If ($Show-eq”OK”)









functionCountDown() {


       for($Count= 1;$Count-le 100; $Count ++){


       Write-Progress -PercentComplete $Count -Activity “Waiting for AD Replication” -Status “Waiting for AD Replication”

       Sleep 1







       $csvFile= Import-Csv $FileName





              $TSDrivePresent= Test-Path $DB.TransactionLogDrive



                     Write-Host “Transaction Drive is present” -ForegroundColor Cyan

                     $DBDrivePresent= Test-Path $DB.DatabaseDrive


                     $TSFolderPresent= Test-Path $TSfldr




                           Write-Host “Creating Transaction Log Folder” -ForegroundColor Yellow

                           New-Item $TSfldr -ItemType Directory




                           Write-Host “Database Drive is present” -ForegroundColor Cyan


                           $DBFolderPresent= Test-Path $DBfldr




                           Write-Host “Creating Database Folder” -ForegroundColor Yellow

                           New-Item $DBfldr -ItemType Directory







                           Write-Host “Creating Mailbox Database” -ForegroundColor Blue


                           New-MailboxDatabase -Name $DB.DatabaseName -Server $DB.PrimaryServer -EdbFilePath $DBPath -LogFolderPath $LogPath


                           Write-Host “Mounting Mailbox Database” -ForegroundColor Green

                           Mount-Database -Identity $DB.DatabaseName








                           foreach ($elementin$arr){

                                         foreach ($prefin$ap){

                                                Write-Host “Adding DAG Copies” -ForegroundColor White

                                                Add-MailboxDatabaseCopy -Identity $DB.DatabaseName -MailboxServer $element -ActivationPreference $pref -ErrorActionSilentlyContinue






                           Write-Host “Error: Database Drive Specified is not present” -ForegroundColor Red




                     Write-Host “Error: Transaction Drive Specified is not present” -ForegroundColor Red





$File=Select-FileDialog -Title “Import an CSV file” -Directory “c:\”


The format of the CSV File

The CSV is naturally key to the overall functionality of the script – as it is within this that you will design and layout your Mailbox Databases and DAG copies.

The file itself requires the following headings to be populated:

  • Database Name [DatabaseName]
  • Transaction Log Drive Letter [TransactionLogDrive]
  • Database Drive Letter [DatabaseDrive]
  • Parent Log Folder [ParentLogFolder] (on the Transaction Log Drive)
  • Parent Database Folder [ParentDatabaseFolder] (on the Database Drive)
  • Primary Server [PrimaryServer] (on which the database should be mounted)
  • DAG Replica Servers [DAGReplicaServers] (each separated by an exclamation mark ‘!’)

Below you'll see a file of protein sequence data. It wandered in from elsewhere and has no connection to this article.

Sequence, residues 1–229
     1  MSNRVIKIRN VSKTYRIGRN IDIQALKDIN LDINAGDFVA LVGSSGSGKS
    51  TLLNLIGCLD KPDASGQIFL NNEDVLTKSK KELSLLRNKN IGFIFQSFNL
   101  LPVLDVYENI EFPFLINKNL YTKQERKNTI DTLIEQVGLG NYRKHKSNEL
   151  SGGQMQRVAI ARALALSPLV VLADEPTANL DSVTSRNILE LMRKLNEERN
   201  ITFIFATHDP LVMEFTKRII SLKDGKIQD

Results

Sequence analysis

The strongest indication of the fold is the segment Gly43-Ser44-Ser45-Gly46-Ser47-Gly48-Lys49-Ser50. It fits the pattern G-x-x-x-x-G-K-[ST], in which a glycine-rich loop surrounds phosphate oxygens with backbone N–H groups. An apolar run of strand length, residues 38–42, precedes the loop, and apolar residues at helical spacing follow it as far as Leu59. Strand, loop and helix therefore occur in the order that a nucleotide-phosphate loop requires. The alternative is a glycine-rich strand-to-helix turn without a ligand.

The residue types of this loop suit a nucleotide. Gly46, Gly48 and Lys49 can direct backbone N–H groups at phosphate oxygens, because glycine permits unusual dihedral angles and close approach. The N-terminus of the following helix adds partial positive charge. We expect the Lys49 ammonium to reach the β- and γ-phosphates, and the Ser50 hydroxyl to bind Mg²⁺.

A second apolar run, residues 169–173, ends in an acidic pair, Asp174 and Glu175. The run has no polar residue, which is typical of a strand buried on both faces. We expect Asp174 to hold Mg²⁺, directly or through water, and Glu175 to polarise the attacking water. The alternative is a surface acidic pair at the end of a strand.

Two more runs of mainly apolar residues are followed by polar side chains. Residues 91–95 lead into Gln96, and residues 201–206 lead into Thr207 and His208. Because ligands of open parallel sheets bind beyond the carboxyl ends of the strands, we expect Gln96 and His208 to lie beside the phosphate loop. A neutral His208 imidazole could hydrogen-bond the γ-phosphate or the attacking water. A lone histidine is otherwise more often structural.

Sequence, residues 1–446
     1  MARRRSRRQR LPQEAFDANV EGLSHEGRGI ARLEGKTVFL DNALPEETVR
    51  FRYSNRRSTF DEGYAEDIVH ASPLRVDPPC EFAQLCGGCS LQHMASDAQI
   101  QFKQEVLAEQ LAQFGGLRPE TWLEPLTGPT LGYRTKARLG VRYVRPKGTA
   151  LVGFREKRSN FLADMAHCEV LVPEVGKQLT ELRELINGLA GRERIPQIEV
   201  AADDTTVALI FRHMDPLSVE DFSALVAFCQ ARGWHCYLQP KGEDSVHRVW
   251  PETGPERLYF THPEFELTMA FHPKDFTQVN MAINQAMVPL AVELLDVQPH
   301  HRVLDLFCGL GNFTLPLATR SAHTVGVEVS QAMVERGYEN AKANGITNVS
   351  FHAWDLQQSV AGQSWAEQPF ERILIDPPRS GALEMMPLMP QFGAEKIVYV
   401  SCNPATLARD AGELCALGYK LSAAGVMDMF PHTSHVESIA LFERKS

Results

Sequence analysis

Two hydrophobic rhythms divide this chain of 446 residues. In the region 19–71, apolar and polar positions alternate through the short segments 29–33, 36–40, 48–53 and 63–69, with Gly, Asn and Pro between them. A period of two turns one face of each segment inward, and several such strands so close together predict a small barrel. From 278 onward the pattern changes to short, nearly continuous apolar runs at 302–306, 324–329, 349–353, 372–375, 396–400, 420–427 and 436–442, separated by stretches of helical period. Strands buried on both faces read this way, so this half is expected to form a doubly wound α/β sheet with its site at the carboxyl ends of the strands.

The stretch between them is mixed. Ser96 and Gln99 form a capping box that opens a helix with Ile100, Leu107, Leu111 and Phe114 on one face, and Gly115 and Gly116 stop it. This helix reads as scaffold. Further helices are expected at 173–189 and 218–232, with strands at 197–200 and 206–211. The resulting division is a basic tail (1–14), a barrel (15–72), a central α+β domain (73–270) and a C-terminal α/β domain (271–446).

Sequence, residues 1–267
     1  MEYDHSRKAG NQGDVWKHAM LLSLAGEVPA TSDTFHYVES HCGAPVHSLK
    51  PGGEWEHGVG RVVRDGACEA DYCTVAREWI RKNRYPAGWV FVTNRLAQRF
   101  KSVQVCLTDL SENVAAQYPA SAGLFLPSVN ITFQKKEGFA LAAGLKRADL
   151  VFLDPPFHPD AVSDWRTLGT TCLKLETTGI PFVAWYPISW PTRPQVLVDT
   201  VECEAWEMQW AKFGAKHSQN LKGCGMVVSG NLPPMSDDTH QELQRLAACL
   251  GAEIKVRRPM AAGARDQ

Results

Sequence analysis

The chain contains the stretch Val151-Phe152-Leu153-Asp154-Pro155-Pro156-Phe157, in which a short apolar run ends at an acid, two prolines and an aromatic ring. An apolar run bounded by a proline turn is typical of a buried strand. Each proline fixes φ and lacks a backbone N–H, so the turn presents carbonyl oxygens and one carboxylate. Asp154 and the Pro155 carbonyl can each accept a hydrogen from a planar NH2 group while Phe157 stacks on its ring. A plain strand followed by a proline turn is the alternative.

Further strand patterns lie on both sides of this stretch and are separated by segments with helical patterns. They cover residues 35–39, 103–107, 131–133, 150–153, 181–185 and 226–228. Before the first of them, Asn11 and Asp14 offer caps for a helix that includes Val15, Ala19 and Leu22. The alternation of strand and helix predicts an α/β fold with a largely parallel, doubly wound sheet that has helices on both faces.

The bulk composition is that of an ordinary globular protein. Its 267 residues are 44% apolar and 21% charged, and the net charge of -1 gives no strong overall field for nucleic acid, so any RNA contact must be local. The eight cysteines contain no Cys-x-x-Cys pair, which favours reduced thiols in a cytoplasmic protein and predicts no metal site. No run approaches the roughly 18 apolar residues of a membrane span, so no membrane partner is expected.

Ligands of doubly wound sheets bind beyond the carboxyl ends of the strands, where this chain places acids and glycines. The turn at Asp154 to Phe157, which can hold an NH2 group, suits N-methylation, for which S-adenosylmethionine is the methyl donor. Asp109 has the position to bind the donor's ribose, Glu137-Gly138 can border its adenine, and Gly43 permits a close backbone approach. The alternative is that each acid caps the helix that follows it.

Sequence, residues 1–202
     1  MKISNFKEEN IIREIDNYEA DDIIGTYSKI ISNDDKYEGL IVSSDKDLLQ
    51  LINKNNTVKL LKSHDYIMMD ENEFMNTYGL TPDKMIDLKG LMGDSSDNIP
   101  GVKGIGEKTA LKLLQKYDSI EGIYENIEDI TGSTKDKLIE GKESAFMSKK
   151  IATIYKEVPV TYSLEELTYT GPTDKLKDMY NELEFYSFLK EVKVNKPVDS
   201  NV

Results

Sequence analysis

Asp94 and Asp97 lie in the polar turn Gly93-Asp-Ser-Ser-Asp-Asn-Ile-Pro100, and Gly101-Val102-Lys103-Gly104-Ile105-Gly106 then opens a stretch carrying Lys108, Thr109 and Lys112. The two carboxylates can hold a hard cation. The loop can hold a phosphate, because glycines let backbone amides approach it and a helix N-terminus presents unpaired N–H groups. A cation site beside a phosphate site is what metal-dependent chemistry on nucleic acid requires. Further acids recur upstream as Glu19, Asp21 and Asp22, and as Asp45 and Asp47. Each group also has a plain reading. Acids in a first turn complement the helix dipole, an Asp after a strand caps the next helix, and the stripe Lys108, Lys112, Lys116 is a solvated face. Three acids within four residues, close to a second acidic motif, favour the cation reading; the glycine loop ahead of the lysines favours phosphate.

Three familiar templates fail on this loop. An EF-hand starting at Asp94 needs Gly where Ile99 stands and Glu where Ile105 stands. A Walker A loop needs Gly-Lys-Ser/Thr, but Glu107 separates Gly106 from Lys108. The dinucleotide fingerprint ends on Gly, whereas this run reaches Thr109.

• Activation Preference [ActivationPrefs] – (each separated by and exclamation mark ‘!’)

A correctly populated CSV file will (should) look like the following example;

Figure 1


It is key to note that the fields [DAGReplicaServers] and [ActivationPrefs] can contain values which are separated by an exclamation mark “!”. Therefore if you create a database which has two DAG copies, the Replica Server Names should be contained within the DAGReplicaServers field, each separated with a ‘!’.

The same principle applies for the [ActivationPrefs] field – the number of activation preferences should match the number of DAGReplicaServers and should start at 2 (as the priority 1 preference is catered for within the [PrimaryServer] field.

Using the script

In order to use the script you will need to download a copy of it from the following location to one of the Exchange 2010 Mailbox Servers within your Exchange environment.

You will need to ensure that the Execution Policy for scripts is at least set to “RemoteSigned”.

In order for the DAG Replicas to be created properly you must ensure that each of the Mailbox Servers has matching drives as the primary server for the copy to be added correctly.

Open a PowerShell command prompt, navigate to the location where you have downloaded the script to and type in the following:

.\CreateDAGDatabasesFromCSV.ps1 – as per the screen shot below:

Figure 2


You will then be prompted for the location of the your DAG Layout CSV file – see below;

Figure 3


The script will then execute, creating the paths, databases and copies as specified in the CSV file – see below:

Figure 4


During the execution – the script will pause – this is normal, and is allowing for AD Replication in larger environments – see below:

Figure 5


Once the AD replication process timer has completed the script will attempt to mount the database that has been created – see below:

Figure 6


When the Database has mounted, the script will then create the relevant Database Copies within the DAG configuration.


This article has looked at how you can use PowerShell and a CSV file to create Exchange 2010 mailbox Databases and associated DAG copies.